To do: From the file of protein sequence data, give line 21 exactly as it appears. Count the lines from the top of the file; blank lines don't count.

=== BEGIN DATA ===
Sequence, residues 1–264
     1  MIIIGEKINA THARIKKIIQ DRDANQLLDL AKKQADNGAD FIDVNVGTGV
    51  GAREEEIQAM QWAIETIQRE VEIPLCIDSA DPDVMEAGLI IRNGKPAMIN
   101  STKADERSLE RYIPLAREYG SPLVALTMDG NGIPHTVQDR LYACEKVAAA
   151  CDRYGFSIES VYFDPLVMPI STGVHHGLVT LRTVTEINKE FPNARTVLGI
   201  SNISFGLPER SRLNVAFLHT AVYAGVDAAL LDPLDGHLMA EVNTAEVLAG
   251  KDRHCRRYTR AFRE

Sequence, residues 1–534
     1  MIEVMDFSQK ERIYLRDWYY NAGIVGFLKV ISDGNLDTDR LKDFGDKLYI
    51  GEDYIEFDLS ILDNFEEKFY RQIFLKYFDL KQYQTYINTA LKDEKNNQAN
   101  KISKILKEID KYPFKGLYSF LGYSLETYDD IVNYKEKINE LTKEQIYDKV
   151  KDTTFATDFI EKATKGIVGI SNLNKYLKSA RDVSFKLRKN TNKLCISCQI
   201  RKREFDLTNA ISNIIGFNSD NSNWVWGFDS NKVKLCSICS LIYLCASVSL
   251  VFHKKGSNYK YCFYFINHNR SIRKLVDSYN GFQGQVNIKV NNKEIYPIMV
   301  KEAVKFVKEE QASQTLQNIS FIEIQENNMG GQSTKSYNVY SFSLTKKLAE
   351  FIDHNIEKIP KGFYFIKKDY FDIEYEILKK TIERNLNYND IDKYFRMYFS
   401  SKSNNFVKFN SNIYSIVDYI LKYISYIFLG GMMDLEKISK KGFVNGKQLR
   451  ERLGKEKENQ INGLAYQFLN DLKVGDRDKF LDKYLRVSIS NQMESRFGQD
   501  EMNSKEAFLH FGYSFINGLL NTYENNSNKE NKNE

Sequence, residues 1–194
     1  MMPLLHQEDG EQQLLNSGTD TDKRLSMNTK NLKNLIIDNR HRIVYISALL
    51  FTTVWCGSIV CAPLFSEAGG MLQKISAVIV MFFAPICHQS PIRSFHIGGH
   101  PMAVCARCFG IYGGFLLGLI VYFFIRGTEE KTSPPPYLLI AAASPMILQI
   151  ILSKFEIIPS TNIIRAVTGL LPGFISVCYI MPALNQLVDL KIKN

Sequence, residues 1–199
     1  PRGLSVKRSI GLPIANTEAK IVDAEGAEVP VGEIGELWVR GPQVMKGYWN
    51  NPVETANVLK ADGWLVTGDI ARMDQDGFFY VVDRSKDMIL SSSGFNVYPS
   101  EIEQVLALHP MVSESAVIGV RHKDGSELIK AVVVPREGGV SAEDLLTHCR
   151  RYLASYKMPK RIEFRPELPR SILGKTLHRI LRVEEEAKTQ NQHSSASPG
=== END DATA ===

     1  MMPLLHQEDG EQQLLNSGTD TDKRLSMNTK NLKNLIIDNR HRIVYISALL